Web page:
anthropomorphous


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an·thro·po·mor·phous

 (ăn′thrə-pə-môr′fəs)
adj.
1. Having or suggesting human form and appearance.
2. Ascribing human motivation, characteristics, or behavior to things not human, such as inanimate objects, animals, or natural phenomena.

an′thro·po·mor′phous·ly adv.
American Heritage® Dictionary of the English Language, Fifth Edition. Copyright © 2016 by Houghton Mifflin Harcourt Publishing Company. Published by Houghton Mifflin Harcourt Publishing Company. All rights reserved.

anthropomorphous

(ˌænθrəpəˈmɔːfəs)
adj
1. shaped like a human being
2. another word for anthropomorphic
ˌanthropoˈmorphously adv
Collins English Dictionary – Complete and Unabridged, 12th Edition 2014 © HarperCollins Publishers 1991, 1994, 1998, 2000, 2003, 2006, 2007, 2009, 2011, 2014
ThesaurusAntonymsRelated WordsSynonymsLegend:
Adj.1.anthropomorphous - suggesting human characteristics for animals or inanimate thingsanthropomorphous - suggesting human characteristics for animals or inanimate things
human - having human form or attributes as opposed to those of animals or divine beings; "human beings"; "the human body"; "human kindness"; "human frailty"
Based on WordNet 3.0, Farlex clipart collection. © 2003-2012 Princeton University, Farlex Inc.

anthropomorphous

adjective
Resembling a human being:
The American Heritage® Roget's Thesaurus. Copyright © 2013, 2014 by Houghton Mifflin Harcourt Publishing Company. Published by Houghton Mifflin Harcourt Publishing Company. All rights reserved.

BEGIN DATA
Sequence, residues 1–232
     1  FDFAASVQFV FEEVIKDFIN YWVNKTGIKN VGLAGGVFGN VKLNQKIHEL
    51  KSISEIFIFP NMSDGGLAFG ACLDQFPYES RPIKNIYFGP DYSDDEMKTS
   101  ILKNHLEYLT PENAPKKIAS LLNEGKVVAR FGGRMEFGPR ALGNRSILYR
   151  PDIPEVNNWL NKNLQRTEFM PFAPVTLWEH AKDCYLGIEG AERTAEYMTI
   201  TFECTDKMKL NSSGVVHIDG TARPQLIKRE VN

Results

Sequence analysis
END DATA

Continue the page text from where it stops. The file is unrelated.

Translations

anthropomorphous

[ˌænθrəʊpəˈmɔːfəs] ADJantropomorfo
Collins Spanish Dictionary - Complete and Unabridged 8th Edition 2005 © William Collins Sons & Co. Ltd. 1971, 1988 © HarperCollins Publishers 1992, 1993, 1996, 1997, 2000, 2003, 2005
References in classic literature ?
Originally a reptile inhabiting fire; later, an anthropomorphous immortal, but still a pyrophile.
One crucial point that arises in this discussion concerns the distinction, largely ignored or glossed over by new animist theorists (see e.g., Arhem 2016) but clearly revealed in Nage ethnography, between on the one hand, the possession by humans, animals, and plants of their own life--and possibly an interior essence (sometimes expressed as 'soul') linked with personhood and intentional agency--and, on the other hand, the representation of certain things as being inhabited by or otherwise associated with anthropomorphous and seemingly animate free spirits (in Nage called nitu).
A good example of cases in which scholars actually engage with the camera on the grounds of embodied cognition is the so-called "anthropomorphous camera" (Brinckmann 276-301, in particular her discussion of Hollywood cinema starting 293; Kuhn).
In particular, the completely computer-generated Rocket is brought to life with some great one-liners and never gets irritating unlike the vast majority of movie anthropomorphous sidekicks.
The professor accidentally gave his anthropomorphous robot a built-in flaw: he burst into flame upon contact with oxygen.